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    @WYSIWYG - AFAIK, that was considered to be true when the novel was written (and when the film was made, for that matter). The SRY gene, which causes testicular development, had just been discovered, which lent weight to the "female is default" hypothesis. It wasn't until a decade later that further discoveries (e.g. WNT4) overturned that. – Compro01 Oct 25 '15 at 13:26
107

From the movie, it sounds as though they chose female because it was less work. Since they apparently neglected to consider the possibility of life finding a way the dinosaur's sex spontaneously changing, they assumed that a single-gendered group would work regardless of gender.

Dr. Ian Malcolm: But again, how do you know they're all female? Does somebody go out into the park and pull up the dinosaurs' skirts?

Henry Wu: We control their chromosomes. It's really not that difficult. All vertebrate embryos are inherently female anyway, they just require an extra hormone given at the right developmental stage to make them male. We simply deny them that.

  • Comments are not for extended discussion; this conversation has been moved to chat. – user1027 Oct 23 '15 at 18:11
44

First of all, making them all male wouldn't have solved the "life finds a way" problem - because some frogs can go from male to female.

Secondly, cloning females would be easier because an accidental YY gamete would probably not grow, while an XX one does.

Thirdly, in most species females are smaller than males, meaning less resources required for a fully grown adult specimen.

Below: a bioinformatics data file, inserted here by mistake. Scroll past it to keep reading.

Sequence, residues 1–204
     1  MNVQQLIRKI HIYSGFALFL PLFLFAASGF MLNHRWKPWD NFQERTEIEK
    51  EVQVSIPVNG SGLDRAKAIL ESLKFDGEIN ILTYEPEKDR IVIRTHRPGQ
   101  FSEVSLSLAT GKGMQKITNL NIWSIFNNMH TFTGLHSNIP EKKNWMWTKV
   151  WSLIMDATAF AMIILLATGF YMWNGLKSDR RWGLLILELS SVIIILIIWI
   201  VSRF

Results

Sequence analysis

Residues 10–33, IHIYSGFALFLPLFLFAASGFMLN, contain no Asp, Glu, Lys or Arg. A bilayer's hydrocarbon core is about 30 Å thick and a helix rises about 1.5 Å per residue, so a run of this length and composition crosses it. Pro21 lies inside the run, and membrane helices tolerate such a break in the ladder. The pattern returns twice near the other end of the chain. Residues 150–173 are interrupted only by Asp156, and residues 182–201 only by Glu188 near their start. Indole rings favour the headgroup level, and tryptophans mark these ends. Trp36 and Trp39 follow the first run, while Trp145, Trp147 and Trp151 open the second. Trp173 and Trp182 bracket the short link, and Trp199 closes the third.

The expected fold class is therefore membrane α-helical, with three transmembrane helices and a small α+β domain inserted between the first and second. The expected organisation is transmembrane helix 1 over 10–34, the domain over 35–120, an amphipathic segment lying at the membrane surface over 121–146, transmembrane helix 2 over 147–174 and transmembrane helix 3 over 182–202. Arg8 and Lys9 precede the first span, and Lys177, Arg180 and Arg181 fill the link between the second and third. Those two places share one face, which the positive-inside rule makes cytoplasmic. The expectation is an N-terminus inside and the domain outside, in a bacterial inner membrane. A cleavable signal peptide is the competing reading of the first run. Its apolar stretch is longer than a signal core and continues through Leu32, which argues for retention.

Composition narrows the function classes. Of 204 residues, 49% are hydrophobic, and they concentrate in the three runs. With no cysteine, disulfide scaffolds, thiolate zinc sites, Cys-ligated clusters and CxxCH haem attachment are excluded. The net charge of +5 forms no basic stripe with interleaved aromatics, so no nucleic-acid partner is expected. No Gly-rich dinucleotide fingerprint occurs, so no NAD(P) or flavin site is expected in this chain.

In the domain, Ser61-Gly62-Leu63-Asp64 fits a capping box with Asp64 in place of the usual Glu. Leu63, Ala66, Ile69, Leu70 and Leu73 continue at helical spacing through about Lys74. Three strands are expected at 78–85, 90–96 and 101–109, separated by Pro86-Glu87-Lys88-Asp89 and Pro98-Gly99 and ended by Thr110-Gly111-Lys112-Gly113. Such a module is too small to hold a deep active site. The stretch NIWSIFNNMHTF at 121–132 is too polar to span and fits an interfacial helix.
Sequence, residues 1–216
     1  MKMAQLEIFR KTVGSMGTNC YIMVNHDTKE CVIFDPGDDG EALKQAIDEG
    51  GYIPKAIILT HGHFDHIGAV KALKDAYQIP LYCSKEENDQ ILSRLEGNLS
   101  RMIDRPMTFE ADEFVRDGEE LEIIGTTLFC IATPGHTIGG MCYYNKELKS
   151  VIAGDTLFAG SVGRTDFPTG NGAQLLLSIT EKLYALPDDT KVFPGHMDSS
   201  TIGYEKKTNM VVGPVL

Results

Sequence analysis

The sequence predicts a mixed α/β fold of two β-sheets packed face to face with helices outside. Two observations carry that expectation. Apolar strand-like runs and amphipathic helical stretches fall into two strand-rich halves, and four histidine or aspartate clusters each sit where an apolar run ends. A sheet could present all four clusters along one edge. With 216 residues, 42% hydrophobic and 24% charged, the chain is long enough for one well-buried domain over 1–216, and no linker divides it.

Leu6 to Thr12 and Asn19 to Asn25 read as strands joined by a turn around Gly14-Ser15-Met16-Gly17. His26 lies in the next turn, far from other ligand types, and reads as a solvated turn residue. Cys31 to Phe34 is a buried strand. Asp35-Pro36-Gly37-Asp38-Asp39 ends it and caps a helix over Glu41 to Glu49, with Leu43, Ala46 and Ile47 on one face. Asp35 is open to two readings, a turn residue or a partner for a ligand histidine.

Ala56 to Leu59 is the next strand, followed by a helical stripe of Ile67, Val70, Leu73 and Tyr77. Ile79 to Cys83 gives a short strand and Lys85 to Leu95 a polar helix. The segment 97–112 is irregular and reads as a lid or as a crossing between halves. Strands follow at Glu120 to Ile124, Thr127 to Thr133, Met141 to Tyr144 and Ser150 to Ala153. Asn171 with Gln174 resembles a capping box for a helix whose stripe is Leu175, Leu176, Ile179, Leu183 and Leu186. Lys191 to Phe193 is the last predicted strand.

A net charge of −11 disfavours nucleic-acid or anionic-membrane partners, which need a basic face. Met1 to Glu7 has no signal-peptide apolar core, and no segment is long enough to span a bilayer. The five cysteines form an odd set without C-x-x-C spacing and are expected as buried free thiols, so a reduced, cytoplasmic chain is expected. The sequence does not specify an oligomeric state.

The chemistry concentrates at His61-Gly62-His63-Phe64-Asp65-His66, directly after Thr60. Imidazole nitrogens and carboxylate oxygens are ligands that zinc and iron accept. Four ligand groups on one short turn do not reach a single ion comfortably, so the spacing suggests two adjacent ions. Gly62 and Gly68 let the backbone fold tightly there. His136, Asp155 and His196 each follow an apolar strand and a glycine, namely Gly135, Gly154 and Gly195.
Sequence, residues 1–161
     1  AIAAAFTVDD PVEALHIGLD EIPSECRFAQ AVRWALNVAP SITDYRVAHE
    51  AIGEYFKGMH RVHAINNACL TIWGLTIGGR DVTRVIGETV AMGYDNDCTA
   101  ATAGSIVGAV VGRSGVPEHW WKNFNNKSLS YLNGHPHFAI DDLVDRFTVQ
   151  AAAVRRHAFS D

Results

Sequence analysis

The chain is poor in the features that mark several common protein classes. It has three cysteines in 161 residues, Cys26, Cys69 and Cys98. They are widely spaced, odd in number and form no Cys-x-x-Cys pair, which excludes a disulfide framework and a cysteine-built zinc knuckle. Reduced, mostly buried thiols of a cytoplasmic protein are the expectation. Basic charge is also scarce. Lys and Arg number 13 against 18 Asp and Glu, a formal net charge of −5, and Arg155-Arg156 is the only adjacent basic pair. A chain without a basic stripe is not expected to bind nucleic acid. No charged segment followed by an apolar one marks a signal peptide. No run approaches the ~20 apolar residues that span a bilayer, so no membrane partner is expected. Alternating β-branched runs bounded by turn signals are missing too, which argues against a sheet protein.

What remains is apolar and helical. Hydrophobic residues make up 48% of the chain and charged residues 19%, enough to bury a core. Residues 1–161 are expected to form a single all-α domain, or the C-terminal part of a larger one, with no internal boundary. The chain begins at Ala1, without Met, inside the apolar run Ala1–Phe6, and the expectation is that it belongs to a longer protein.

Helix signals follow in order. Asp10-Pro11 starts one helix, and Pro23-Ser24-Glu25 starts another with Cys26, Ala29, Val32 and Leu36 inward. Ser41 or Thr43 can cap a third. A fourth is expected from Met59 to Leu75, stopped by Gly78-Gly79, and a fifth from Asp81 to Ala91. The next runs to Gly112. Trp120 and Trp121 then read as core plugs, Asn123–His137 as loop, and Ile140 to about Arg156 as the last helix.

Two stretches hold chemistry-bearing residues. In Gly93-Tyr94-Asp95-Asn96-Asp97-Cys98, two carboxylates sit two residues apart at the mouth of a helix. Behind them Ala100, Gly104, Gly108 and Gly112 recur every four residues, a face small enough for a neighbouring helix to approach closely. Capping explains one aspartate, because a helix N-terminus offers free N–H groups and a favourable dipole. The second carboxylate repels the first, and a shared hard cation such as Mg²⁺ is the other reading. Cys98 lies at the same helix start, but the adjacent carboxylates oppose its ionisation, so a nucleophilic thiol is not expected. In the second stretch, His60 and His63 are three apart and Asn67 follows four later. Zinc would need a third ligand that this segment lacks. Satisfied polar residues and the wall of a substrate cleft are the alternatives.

Lastly, Henry Wu wouldn't have considered a the failure of a male specimen being among the all female population because through out the books he is shown to be wildly over confident in his abilities.

  • 8
    If you note, I explain in the question how it would solve a problem. If 5 go F=>M, you have 100s of females who can breed with those 5 males. If 5 go M=>F, only those 5 can breed. – DVK-on-Ahch-To Oct 21 '15 at 1:25
  • 2
    I've added a clarification as to address that. – user20155 Oct 21 '15 at 1:27
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    It's likely dinos had a ZW sex determination like birds and some reptiles, rather than XY like mammals. – Viergacht Oct 21 '15 at 1:34
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    @LewDelport Whaaaa.... I had never heard of that before! I am most probably wrong. – user20155 Oct 21 '15 at 1:38
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    It's impossible to know for sure, but they probably didn't have temp. dependent sex determination like some reptiles because of the wide range of environments they lived in, but it would have to be either that or ZW (the main functional difference being the ovum determines the sex, not the sperm). Mammals and birds/reptiles seem to have evolved sex determining chromosomes completely independantly. – Viergacht Oct 21 '15 at 6:22
41

I am addressing this question from a biological standpoint.

With the technology available at the moment, it is not possible to clone a male in the absence of an egg-donor i.e.the female. Most nutrients and other factors required for the early development of the embryo are present in the egg and not the sperm.

Recent research work (Easley et al. 2013, Hayashi & Saitou. 2013) have shown that it is possible to produce gametes in-vitro (i.e. in the lab) using pleuripotent stem cells. However, there has not been any work that has investigated producing eggs using stem cells from a male. I don't say that is absolutely impossible but it would certainly be very challenging to do that.

In comparison, it is quite easy to clone a female (as had been done with Dolly the sheep).